A slice of my day and a Shelley poem about joy that isn’t

I forced myself out of the house. I went to the first Friday Art Walk to one building (the Ford Building/Division and 11th) in one block of the city which is teeming with art and poetry. I sculpted a mask-trio wall-hanging. The smell of the wet clay in my hands was so amazing, I didn’t know if I wanted to eat it or rub my face in it. I heard music (tragic and beautiful). I ate gluten-free coffee-cake (beautiful but not tragic). I went into a genealogical library which the curator told me was filled with old diaries (to which I replied diaries are filled with lies and edits) but oh my god the smell of dust and old books, centuries old paper.

A man I’d just met and I tried to impress each other with alternating cynicism and optimism and reflections on the story arc of human history. His take was humanity is the story of trying to make things better but doing it badly. Then he ran off in search of the man who’d introduced us. And I was gutted by their absence. Literally eviscerated by the absence of near strangers. The music was too sad. I called for a cab. As I was leaving, my absent companions came shouting down the street after me “G.L.! G.L.!” They’d been sequestered in a nearby bar that last hour or two. I considered going with them. It was early enough to find another bar, another band. But my loyalty was to the cab-driver now (who had after all come when I called him). I went home hoping being found and wanted was enough to stave off the hungry daemons of depression. At 4am, in pain and not sleeping, I looked up joyous on poetry site and discovered this poem. Spirit of delight, why so fickle? Are you getting drunk nearby while I eat organic nachos and a classical guitarist sings me suicidal lullabies?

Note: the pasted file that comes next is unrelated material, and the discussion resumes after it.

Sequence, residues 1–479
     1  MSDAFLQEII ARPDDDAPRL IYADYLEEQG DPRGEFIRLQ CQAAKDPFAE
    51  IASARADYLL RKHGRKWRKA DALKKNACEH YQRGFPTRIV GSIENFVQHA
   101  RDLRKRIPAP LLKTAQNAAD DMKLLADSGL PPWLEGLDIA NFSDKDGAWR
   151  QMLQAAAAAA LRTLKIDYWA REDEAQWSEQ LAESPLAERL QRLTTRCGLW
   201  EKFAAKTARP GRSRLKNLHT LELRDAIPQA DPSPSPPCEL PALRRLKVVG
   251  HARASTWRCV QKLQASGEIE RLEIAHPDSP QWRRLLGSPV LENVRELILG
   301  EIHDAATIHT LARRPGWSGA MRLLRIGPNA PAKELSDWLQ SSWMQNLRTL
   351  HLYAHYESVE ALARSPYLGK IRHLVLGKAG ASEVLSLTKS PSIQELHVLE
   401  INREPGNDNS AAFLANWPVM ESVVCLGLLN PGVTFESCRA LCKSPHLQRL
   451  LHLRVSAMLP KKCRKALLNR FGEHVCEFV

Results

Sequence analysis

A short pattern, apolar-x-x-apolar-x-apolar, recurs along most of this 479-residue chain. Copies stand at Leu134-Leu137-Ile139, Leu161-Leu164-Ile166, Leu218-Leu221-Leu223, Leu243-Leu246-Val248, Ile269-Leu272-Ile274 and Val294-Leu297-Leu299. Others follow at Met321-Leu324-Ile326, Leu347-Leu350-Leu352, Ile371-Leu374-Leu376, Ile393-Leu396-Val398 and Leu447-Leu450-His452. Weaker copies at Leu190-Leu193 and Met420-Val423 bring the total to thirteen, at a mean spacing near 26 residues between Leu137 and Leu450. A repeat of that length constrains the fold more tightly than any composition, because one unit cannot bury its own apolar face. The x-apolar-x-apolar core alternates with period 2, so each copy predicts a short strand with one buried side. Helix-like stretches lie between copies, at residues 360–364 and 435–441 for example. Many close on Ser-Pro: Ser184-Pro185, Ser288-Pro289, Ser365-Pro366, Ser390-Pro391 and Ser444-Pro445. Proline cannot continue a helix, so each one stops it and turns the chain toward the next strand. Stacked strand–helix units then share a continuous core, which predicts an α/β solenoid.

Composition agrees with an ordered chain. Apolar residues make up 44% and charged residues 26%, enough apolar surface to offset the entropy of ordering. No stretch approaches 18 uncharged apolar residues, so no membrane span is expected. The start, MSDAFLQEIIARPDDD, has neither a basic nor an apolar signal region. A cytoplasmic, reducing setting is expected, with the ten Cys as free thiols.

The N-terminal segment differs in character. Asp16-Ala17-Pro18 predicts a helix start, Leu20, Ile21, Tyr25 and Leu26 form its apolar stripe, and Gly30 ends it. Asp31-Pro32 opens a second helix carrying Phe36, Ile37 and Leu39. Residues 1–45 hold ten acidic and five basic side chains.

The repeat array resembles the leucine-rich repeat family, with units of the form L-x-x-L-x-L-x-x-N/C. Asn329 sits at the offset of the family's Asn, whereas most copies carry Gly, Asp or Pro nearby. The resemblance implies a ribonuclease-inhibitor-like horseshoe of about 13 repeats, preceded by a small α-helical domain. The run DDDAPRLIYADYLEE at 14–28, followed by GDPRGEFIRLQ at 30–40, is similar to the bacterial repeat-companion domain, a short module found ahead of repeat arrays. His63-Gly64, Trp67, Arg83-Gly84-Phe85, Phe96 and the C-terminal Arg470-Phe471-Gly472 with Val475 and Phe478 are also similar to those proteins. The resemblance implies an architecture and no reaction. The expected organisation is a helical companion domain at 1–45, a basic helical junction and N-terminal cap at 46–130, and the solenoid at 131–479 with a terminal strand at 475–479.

Song: Rarely, rarely, comest thou


Rarely, rarely, comest thou,
         Spirit of Delight!
Wherefore hast thou left me now
         Many a day and night?
Many a weary night and day
‘Tis since thou are fled away.
How shall ever one like me
         Win thee back again?
With the joyous and the free
         Thou wilt scoff at pain.
Spirit false! thou hast forgot
All but those who need thee not.
As a lizard with the shade
         Of a trembling leaf,
Thou with sorrow art dismay’d;
         Even the sighs of grief
Reproach thee, that thou art not near,
And reproach thou wilt not hear.
Let me set my mournful ditty
         To a merry measure;
Thou wilt never come for pity,
         Thou wilt come for pleasure;
Pity then will cut away
Those cruel wings, and thou wilt stay.
I love all that thou lovest,
         Spirit of Delight!
The fresh Earth in new leaves dress’d,
         And the starry night;
Autumn evening, and the morn
When the golden mists are born.
I love snow, and all the forms
         Of the radiant frost;
I love waves, and winds, and storms,
         Everything almost
Which is Nature’s, and may be
Untainted by man’s misery.
I love tranquil solitude,
         And such society
As is quiet, wise, and good;
         Between thee and me
What difference? but thou dost possess
The things I seek, not love them less.
I love Love—though he has wings,
         And like light can flee,
But above all other things,
         Spirit, I love thee—
Thou art love and life! Oh come,
Make once more my heart thy home.

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